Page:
Chilling truth behind bikie romances
WOMEN in relationships with bikies are alarmingly 640 per cent as likely to be a victim of domestic violence, as gang squad police reveal one in three patched bikies has been issued a DV order.
The new research has prompted gang squad police to change their strategy, and family violence co-ordinators within the bikie-busting gang squad are working with investigators and DV support services to get women out of high-risk violent relationships.
Police said the research, which found 35 per cent of current bikies have been issued domestic violence orders, also showed a woman in an OMCG relationship was 428 per cent as likely to be a DV victim involving strangulation.
Organised Crime Gangs Group Superintendent Roger Lowe said the new research from his team was alarming.
Tara Brown was murdered by her ex-partner and Bandidos enforcer Lionel Patea in 2015 and had been subject to domestic violence in the lead up to her death.
A year later Shelsea Schilling was murdered by her ex-boyfriend and former Bandidos bikie enforcer Bronson Ellery who then took his own life.
"Ultimately, we don't want to see another domestic violence death at the hands of a gang member," Supt Lowe told The Courier-Mail.
"We have real concerns there is under-reported domestic family violence as well."
Supt Lowe said gang behaviour spilt over into the home and police wanted to expose myths of gang life.
"It's misogynistic behaviour, it's a brotherhood, it's about bonds," he said.
"And you look at their history, it's not uncommon for these women to be branded property of a member, property of the club.
"The truth isn't what they put on Instagram, it really isn't.
"Violence is going on every day within these gangs, they have sergeant-at-arms for a reason to enforce their own level of violence on their own membership to enforce rules."
Police would not say which gang had the highest rate of DV orders but said the Rebels, who have the largest membership in Queensland, have more members who are respondents than other clubs.
Supt Lowe said four DV co-ordinators in the gang squad reviewed OMCG members and DV every day to determine where to send investigators, other police and support services.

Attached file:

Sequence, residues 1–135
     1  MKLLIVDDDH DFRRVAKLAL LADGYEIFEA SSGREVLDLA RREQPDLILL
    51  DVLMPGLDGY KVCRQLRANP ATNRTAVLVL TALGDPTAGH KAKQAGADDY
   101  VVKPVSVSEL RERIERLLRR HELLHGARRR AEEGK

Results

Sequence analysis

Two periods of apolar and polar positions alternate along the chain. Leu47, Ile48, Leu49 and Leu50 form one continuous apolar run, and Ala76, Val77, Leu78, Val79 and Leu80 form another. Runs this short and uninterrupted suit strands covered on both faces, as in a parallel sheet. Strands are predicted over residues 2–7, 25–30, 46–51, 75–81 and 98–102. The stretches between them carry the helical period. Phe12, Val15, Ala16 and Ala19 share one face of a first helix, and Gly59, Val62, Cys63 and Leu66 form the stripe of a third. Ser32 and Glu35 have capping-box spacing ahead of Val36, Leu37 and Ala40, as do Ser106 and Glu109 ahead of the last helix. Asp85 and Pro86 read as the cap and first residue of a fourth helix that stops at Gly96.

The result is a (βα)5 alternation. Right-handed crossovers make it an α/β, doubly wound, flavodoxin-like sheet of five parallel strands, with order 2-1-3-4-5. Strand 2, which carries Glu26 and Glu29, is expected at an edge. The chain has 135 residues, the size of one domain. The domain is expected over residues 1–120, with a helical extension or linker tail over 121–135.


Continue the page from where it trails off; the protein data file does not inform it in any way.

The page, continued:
Detective Inspector Larissa Miller said it was a "pressure cooker environment" for women. Detectives in her team were motivated to help vulnerable victims.
"We know men in the gang environment see using violence as the norm so women and children are more likely to be exposed to and subjected to violence on a daily basis which puts them at great risk," she said.
"It differs (the DV) in respect of they're part of the gang, they're part of a group of men with a joint intention which is violence and criminal activity.
"So women who get into these relationships, not only are they in a relationship with that individual but they are in a relationship with a whole group of people.
"I think that it is harder for women to escape them."
Supt Lowe said his squad could provide an "extra layer of security" for high-risk victims of domestic violence.
He said only 38 per cent of DV gang victims accepted referrals for help from services and police-initiated DV action was about 16 per cent higher than the general population.
Women, he said, "for whatever reason" were attracted to "bad boys" and found it difficult to get out of the relationship.
"Women in violent gang relationships are even more afraid because of the connections that these people have or even professed to have," he said.
Supt Lowe said two bikies had been extradited to Queensland to face court for strangulation and breaching domestic violence orders in the last 12 months.
A national domestic violence policy based on Queensland strategy is being implemented through federal joint law enforcement group Taskforce Morpheus.
The initiative has won a QPS award and was a finalist in the Premier's awards.